Monday, March 18, 2019

Good Dialogue and the Ides of March

Yes, I could've talked about The Ides of March on my Friday post, which was actually the date in question, but the death of Caesar is not the point. Rather, this is about stand-out dialogue, and making the back-and-forth between two characters memorable. Some think this is easy, and yes, for some writers this comes naturally. For the rest of us, however, it takes effort and more than a little concentration.

First, there is a big difference between stand-out dialogue and authentic dialogue. Authentic dialogue is required no matter what you write. If you write a story involving 19th-century aristocracy, their references better match the era and not escape the boundaries defined by that particular time. It does not have to be perfect, but nothing can stand out as being a clear violation of that rule, because it will take the reader right out of the moment. This is tricky - the first car radio was casually referred to as a Motorola, but would using this term be a distraction to an audience used to thinking about that as the name of a tech communications company? Authenticity is difficult to manage, but always has to be considered.

Stand-out dialogue, however, is memorable for how it either amplifies a particular way of speaking or runs against a way of speaking. Will Rogers, arguably the finest American humorist of the 20th century, made himself known not just because of his homespun wisdom, but because his homespun quotables were distilled in a way everyone could understand. His writing in The Illiterate Digest was far from that, but more importantly it was precisely aimed at the every-man, at the person who would appreciate it. And it that regard, his way of speaking amplified the ideas of everyone reading his works.
"When I die, my epitaph or whatever you call those signs on gravestones is going to read: 'I joked about every prominent man of my time, but I never met a man I didn't like.' I am so proud of that I can hardly wait to die so it can be carved. And when you come to my grave you will find me sitting there, proudly reading it."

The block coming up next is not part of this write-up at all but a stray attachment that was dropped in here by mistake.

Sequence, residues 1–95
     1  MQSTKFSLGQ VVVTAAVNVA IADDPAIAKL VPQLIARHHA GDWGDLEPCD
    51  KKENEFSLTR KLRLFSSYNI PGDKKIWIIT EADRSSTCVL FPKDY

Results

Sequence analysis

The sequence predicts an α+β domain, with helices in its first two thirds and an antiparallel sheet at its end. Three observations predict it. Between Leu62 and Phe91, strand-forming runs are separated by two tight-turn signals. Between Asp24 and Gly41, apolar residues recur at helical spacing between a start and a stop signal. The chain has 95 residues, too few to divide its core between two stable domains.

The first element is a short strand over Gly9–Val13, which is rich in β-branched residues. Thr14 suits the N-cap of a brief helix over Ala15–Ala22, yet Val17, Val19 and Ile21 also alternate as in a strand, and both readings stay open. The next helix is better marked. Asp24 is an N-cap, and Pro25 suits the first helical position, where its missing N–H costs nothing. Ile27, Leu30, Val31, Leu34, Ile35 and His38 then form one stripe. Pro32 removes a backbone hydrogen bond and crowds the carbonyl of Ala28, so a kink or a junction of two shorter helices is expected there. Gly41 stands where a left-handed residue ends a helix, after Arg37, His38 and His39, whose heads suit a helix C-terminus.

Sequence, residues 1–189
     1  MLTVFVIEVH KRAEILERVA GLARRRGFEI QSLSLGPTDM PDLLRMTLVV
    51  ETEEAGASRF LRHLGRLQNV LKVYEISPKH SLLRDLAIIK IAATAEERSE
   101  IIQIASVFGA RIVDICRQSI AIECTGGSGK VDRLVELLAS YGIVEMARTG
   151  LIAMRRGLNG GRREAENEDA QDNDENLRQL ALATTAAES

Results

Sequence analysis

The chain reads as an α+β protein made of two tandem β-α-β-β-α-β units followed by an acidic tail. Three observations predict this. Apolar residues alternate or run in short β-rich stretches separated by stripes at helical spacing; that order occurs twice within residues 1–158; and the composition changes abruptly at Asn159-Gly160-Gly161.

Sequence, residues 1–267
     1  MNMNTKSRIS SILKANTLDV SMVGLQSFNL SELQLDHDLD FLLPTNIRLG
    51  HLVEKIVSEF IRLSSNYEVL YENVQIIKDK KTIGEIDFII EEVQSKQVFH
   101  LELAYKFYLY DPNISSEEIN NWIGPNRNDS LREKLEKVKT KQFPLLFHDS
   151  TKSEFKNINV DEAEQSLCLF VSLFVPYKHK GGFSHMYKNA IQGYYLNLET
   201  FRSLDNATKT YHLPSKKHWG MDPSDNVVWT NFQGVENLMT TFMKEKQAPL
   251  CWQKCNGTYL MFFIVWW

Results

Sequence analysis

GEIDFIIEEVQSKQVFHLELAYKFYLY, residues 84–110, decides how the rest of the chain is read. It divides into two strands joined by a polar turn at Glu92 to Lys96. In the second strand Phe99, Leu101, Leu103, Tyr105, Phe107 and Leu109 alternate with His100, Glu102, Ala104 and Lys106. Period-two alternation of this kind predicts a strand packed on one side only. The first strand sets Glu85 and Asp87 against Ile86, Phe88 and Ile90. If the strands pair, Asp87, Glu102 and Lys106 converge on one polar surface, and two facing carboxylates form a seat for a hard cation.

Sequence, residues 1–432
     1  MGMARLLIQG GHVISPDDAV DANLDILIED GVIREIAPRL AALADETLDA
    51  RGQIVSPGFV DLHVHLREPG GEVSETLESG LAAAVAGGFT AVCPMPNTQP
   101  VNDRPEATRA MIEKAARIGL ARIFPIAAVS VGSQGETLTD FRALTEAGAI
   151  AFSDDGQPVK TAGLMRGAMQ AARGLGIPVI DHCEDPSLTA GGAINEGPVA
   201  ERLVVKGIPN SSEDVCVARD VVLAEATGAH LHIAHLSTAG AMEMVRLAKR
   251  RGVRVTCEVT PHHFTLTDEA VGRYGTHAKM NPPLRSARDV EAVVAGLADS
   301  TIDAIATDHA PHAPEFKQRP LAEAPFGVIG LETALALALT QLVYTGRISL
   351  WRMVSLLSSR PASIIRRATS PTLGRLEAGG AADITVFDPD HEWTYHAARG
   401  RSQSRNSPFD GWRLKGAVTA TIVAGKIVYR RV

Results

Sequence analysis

- Will Rogers

The quote above is a simple distillation of something everyone believed, or wanted to believe. Between him and Yogi Berra, the words will last forever, yet there is nothing particularly fancy about those quotes. They are just thoughtful words that went through everyone's heads. He was just willing to put them on paper.

This naturally leads us to the other route - writing against the grain. If you give yourself a moment, an example will come to you. The professional gathering where someone is using unprofessional language. Talking in the bleachers at Wrigley Field, where one person is being far more eloquent than possibly anyone else. That one person at the card table who just seems to be on a different wavelength. Whatever the case, I can guarantee that in those instances, the one part of those conversations that you remember was the person who stuck out, for better or worse.

In the broad sense, this requires giving a character a different manner of speaking, which is best supported through some background information. Maybe the character's education is different than his peers, he grew up in a different area, or he just likes being different. Whatever the case, when this character talks, the writer makes sure that the words are just a little different.

In the narrow sense, this could be as simple as a catchphrase or terms that stand out from the social norms. David Letterman made a career with little, regularly-used, stand-out phrases. When other would "have a drink," he would go out of his way to say, "enjoy a refreshing beverage." Guess which phrase was remembered, and deliberately reused millions of times? For those people who insist on calling every sandwich a hoagie, we might not agree, but we remember. And God help us for those people who insist on using the word, "moist," whenever possible. We hate the word, but we remember them for using it. Constantly.

And this all leads us to the Ides of March. When I edited the book, Bughouse Square, one supporting character in particular stood out. He loved Shakespeare, he carried his works wherever he went, and threw those terms into every piece of dialogue possible. And while Shakespeare is possibly the exact opposite of how people spoke in 1950's Chicago, guess who stood out more? It wasn't the characters who sounded exactly like the time and place. It was the one man who insisted on treating March 15th as a holiday. And that is good dialogue.

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